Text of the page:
With the recent emergence of a novel pandemic strain, there is presently intense interest in understanding the molecular signatures of virulence of influenza viruses. PB1-F2 proteins from epidemiologically important influenza A virus strains were studied to determine their function and contribution to virulence. Using 27-mer peptides derived from the C-terminal sequence of PB1-F2 and chimeric viruses engineered on a common background, we demonstrated that induction of cell death through PB1-F2 is dependent upon BAK/BAX mediated cytochrome c release from mitochondria. This function was specific for the PB1-F2 protein of A/Puerto Rico/8/34 and was not seen using PB1-F2 peptides derived from past pandemic strains. However, PB1-F2 proteins from the three pandemic strains of the 20(th) century and a highly pathogenic strain of the H5N1 subtype were shown to enhance the lung inflammatory response resulting in increased pathology. Recently circulating seasonal influenza A strains were not capable of this pro-inflammatory function, having lost the PB1-F2 protein's immunostimulatory activity through truncation or mutation during adaptation in humans. These data suggest that the PB1-F2 protein contributes to the virulence of pandemic strains when the PB1 gene segment is recently derived from the avian reservoir.
The highly pathogenic (HP) influenza viruses H5 and H7 are usually nonpathogenic in mallard ducks. However, the currently circulating HP H5N1 viruses acquired a different phenotype and are able to cause mortality in mallards. To establish the molecular basis of this phenotype, we cloned the human A/Vietnam/1203/04 (H5N1) influenza virus isolate that is highly pathogenic in ferrets, mice, and mallards and found it to be a heterogeneous mixture. Large-plaque isolates were highly pathogenic to ducks, mice, and ferrets, whereas small-plaque isolates were nonpathogenic in these species. Sequence analysis of the entire genome revealed that the small-plaque and the large-plaque isolates differed in the coding of five amino acids. There were two differences in the hemagglutinin (HA) gene (K52T and A544V), one in the PA gene (T515A), and two in the PB1 gene (K207R and Y436H). We inserted the amino acid changes into the wild-type reverse genetic virus construct to assess their effects on pathogenicity in vivo. The HA gene mutations and the PB1 gene K207R mutation did not alter the HP phenotype of the large-plaque virus, whereas constructs with the PA (T515A) and PB1 (Y436H) gene mutations were nonpathogenic in orally inoculated ducks. The PB1 (Y436H) construct was not efficiently transmitted in ducks, whereas the PA (T515A) construct replicated as well as the wild-type virus did and was transmitted efficiently. These results show that the PA and PB1 genes of HP H5N1 influenza viruses are associated with lethality in ducks. The mechanisms of lethality and the perpetuation of this lethal phenotype in ducks in nature remain to be determined.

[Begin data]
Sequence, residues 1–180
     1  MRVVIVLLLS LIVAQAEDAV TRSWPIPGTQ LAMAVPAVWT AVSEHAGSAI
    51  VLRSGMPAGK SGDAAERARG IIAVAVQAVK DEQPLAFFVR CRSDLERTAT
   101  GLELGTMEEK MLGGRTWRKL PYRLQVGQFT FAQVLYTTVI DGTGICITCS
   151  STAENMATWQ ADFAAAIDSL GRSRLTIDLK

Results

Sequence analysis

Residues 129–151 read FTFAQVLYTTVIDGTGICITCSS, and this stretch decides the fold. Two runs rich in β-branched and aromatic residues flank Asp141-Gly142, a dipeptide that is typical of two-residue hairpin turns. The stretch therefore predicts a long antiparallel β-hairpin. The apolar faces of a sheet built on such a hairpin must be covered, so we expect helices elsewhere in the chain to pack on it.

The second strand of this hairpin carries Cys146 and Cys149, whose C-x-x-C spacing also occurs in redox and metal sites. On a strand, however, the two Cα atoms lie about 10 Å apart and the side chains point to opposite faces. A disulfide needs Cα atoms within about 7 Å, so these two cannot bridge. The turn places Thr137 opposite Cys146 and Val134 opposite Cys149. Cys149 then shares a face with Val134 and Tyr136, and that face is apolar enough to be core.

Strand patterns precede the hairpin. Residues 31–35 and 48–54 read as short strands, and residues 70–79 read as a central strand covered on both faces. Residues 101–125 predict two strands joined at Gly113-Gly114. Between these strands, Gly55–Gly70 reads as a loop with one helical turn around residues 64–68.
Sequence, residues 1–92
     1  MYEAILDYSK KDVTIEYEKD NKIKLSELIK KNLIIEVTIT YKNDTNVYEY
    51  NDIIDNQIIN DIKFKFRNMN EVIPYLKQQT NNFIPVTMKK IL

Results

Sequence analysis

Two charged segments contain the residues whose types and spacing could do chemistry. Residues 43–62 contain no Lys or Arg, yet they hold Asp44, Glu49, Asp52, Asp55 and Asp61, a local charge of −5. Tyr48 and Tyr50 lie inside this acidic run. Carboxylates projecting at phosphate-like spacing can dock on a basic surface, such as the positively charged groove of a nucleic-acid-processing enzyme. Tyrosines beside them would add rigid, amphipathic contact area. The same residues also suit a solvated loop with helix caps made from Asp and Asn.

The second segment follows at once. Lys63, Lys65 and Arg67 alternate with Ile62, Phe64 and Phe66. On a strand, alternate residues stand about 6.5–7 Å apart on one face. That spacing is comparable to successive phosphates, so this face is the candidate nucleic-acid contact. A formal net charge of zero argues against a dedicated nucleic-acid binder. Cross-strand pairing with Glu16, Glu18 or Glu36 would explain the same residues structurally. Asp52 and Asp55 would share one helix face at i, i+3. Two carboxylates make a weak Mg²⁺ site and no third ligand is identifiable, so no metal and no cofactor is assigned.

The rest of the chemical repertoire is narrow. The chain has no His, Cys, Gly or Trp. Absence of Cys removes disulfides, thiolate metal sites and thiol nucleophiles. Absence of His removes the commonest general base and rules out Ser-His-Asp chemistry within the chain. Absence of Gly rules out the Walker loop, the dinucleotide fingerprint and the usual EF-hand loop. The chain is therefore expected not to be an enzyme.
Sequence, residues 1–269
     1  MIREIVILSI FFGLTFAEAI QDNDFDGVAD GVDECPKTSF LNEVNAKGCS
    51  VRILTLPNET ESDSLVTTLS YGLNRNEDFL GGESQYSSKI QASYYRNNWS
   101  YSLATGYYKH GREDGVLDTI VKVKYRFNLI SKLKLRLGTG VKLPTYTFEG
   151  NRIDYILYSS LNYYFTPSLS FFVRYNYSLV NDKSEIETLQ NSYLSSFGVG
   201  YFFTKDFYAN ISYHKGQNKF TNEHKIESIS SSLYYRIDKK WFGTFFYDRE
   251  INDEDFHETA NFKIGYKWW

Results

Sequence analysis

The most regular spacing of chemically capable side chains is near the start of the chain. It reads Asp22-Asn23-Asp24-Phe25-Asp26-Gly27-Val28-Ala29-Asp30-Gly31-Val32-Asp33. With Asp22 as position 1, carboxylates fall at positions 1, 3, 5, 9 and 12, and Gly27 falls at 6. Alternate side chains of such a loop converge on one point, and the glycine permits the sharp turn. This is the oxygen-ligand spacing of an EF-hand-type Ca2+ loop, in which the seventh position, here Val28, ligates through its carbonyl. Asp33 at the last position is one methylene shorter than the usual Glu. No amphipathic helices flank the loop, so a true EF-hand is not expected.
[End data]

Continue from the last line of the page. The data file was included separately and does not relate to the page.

We previously demonstrated the susceptibility of pheasants to infection with influenza A viruses of 15 hemagglutinin (HA) subtypes: 13/23 viruses tested were isolated for >or=14 days, all in the presence of serum-neutralizing antibodies; one virus (H10) was shed for 45 days postinfection. Here we confirmed that 20% of pheasants shed low-pathogenic influenza viruses for prolonged periods. We aimed to determine why the antibody response did not clear the virus in the usual 3 to 10 days, because pheasants serve as a long-term source of influenza viruses in poultry markets. We found evidence of virus replication and histological changes in the large intestine, bursa of Fabricius, and cecal tonsil. The virus isolated 41 days postinfection was antigenically distinct from the parental H10 virus, with corresponding changes in the HA and neuraminidase. Ten amino acid differences were found between the parental H10 and the pheasant H10 virus; four were in potential antigenic sites of the HA molecule. Prolonged shedding of virus by pheasants results from a complex interplay between the diversity of virus variants and the host response. It is often argued that vaccination pressure is a mechanism that contributes to the generation of antigenic-drift variants in poultry. This study provided evidence that drift variants can occur naturally in pheasants after prolonged shedding of virus, thus strengthening our argument for the removal of pheasants from live-bird retail markets.
Expertise with unfamiliar objects ('greebles') recruits face-selective areas in the fusiform gyrus (FFA) and occipital lobe (OFA). Here we extend this finding to other homogeneous categories. Bird and car experts were tested with functional magnetic resonance imaging during tasks with faces, familiar objects, cars and birds. Homogeneous categories activated the FFA more than familiar objects. Moreover, the right FFA and OFA showed significant expertise effects. An independent behavioral test of expertise predicted relative activation in the right FFA for birds versus cars within each group. The results suggest that level of categorization and expertise, rather than superficial properties of objects, determine the specialization of the FFA.
NF-kappaB is a ubiquitous transcription factor involved in the signal transduction mechanisms of the immune response, acute phase reactions, and viral infections. NF-kappaB proteins are retained in the cytoplasm by association with an inhibitor, termed IkappaB. Studies on the regulation of mammalian IkappaB-alpha have revealed that two amino-terminal conserved phosphoserines are the target sites of incoming signals. We report that the corresponding amino-terminal phosphoserines of avian IkappaB-alpha are phosphorylation targets leading to inactivation of IkappaB-alpha upon stimulation. In addition, we show differential roles for these two serines. Mutation of serine 40 to alanine blocks all stimuli tested (TNF-alpha, phorbol ester, and anti-CD3 and anti-CD28), leading to NF-kappaB activation, while mutation of serine 36 to alanine attenuates only certain transduced signals (PMA, TNF-alpha). These novel findings support the hypothesis that the amino-terminal phosphoserine residues of avian IkappaB-alpha differentially mediate NF-kappaB signal transduction pathways and activation by distinct signals, thereby resulting in the activation NF-kappaB.
Copyright 1999 Academic Press.